"Well," said Stephenson, "I got a call from a college friend of mine, Rebecca Moore. Her family lost two sisters and a nephew in Jonestown and donated their papers to the California Historical Society after the tenth anniversary of their deaths. Rebecca asked me to come down to the Historical Society to do some research for a film that was being made about People's Temple for a Canadian history television show. She also asked me to check to see what was happening with the papers."
"Then what happened?"
"After I finished the research project, the librarians asked if I wanted to get the Moore family papers in the proper boxes and archival folders, to create an online directory." She smiled. "The librarians were both friendly and helpful, and so I started volunteering just a couple of hours a week."
"When was that?"
"That was in 2000," she said, adding that over time her involvement built up. "I was surprised by what I found in the archive."
I was eager to know what was in the archive, but I first asked if Stephenson were a professional archivist or historian.
"No, I am a community organizer," she said. "I began this project for my friend, but eventually I found myself doing a lot of research because of a play that was commissioned by my husband based on the materials in the archive."
"A play about Jonestown?"
"I find it hard to imagine a play about such a tragedy."
"Yes, of course," she agreed. "But in 2001 my husband and I saw a production at Berkeley Rep Theater of The Laramie Project, about the brutal murder of the young gay student Matthew Shepherd. That was also a dark story, but it made a powerful play."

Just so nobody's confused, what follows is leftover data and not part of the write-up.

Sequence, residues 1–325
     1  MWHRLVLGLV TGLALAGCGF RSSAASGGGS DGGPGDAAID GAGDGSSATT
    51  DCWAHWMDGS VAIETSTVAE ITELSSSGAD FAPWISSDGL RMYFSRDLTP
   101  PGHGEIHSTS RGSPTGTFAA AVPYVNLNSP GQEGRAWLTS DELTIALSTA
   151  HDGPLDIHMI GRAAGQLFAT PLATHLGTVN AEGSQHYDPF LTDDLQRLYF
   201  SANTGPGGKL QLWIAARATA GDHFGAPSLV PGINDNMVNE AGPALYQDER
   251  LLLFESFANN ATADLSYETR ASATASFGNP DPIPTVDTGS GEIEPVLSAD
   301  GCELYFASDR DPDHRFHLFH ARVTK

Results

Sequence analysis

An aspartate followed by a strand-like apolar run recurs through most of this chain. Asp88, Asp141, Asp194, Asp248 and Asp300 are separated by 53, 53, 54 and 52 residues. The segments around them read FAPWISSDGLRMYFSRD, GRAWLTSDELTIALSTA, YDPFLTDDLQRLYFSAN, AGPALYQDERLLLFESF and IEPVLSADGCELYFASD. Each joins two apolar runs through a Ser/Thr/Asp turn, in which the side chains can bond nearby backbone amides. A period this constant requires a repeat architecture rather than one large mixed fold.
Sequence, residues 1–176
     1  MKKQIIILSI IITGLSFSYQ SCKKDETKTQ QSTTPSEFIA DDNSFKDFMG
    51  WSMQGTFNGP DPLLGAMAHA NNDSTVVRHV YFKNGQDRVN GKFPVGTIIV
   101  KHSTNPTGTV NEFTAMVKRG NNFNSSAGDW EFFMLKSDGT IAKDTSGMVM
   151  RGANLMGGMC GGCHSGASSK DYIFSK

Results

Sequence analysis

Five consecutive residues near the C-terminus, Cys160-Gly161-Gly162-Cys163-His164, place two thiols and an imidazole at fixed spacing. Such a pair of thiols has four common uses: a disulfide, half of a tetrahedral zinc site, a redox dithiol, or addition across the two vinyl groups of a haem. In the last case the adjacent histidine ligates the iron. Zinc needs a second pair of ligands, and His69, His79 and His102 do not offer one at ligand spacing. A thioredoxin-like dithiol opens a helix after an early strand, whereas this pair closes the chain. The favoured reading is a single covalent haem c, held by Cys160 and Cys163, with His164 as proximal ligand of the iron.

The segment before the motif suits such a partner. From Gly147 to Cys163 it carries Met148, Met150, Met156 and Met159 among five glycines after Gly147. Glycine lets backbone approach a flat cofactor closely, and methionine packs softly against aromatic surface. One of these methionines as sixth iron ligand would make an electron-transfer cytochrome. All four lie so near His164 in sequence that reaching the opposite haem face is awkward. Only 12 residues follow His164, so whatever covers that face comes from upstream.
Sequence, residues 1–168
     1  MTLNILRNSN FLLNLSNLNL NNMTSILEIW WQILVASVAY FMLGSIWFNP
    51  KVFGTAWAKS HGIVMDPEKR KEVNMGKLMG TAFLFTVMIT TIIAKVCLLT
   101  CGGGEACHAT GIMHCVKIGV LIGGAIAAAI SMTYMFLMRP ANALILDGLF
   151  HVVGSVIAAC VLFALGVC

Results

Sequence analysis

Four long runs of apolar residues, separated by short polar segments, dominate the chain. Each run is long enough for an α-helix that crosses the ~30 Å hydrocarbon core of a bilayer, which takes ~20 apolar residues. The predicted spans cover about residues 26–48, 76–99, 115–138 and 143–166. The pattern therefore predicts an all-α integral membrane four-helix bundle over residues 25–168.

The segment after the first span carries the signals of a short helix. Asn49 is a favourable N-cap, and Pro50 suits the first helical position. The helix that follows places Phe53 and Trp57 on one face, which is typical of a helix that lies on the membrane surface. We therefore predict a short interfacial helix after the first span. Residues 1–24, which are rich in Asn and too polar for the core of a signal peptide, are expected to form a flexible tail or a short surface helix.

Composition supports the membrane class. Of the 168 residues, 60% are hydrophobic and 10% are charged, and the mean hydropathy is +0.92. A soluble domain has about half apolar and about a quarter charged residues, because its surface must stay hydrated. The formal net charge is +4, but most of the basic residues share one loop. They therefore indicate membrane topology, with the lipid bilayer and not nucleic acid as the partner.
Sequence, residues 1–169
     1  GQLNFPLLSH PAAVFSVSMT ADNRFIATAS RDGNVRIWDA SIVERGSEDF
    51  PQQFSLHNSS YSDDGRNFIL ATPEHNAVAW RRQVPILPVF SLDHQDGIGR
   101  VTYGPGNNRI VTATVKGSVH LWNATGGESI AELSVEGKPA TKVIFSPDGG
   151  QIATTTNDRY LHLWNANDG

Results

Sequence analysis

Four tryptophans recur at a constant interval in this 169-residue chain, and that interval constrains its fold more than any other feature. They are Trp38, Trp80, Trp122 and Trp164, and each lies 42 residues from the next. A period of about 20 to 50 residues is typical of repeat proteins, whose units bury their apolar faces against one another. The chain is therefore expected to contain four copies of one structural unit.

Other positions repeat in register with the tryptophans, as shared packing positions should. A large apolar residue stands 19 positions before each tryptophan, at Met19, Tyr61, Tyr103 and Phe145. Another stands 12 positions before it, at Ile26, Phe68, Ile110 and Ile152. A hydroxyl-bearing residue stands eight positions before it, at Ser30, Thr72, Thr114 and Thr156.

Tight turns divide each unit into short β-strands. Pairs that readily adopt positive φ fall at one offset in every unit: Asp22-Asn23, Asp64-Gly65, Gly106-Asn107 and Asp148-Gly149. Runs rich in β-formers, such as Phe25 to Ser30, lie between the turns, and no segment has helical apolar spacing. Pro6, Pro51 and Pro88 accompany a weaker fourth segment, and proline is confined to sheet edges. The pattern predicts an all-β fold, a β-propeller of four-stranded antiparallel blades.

I'd seen the play on DVD. "It was certainly riveting," I said.
"I'd been working in the archives for a few months," she continued, "and my husband and I were struck by the type of storytelling, the interviews that were used to construct the play, and thought, 'What if a play about People's Temple...' I was just overwhelmed by how many of the voices were present even in the archives here."
Stephenson said that she wrote the book as a companion to the play. "When people see the play, if they want to know more they can find that some of the documents that are quoted are in the book."
(Stephenson's husband, David Dower, worked with Lee Vondekowsky -- a member of the writing team of The Laramie Project and head writer and director for this play -- and put the project together over three years. The play, The People's Temple, opened in April to rave reviews from the San Francisco Chronicle and is expected to travel.)
"Are there other ongoing projects related to the archives other than your book and the play?" I asked.
"People are writing books both fiction and nonfiction, and there's a new documentary that's supposed to air next spring for the PBS series American Experience. Meanwhile, the actual cataloging of the records goes on. We recently got 1000 new photographs and 800 cassette tapes related to People's Temple and another 15 cases of documents from the estate of psychologist Margaret Singer, who did a lot of work with cults and in particular Jonestown."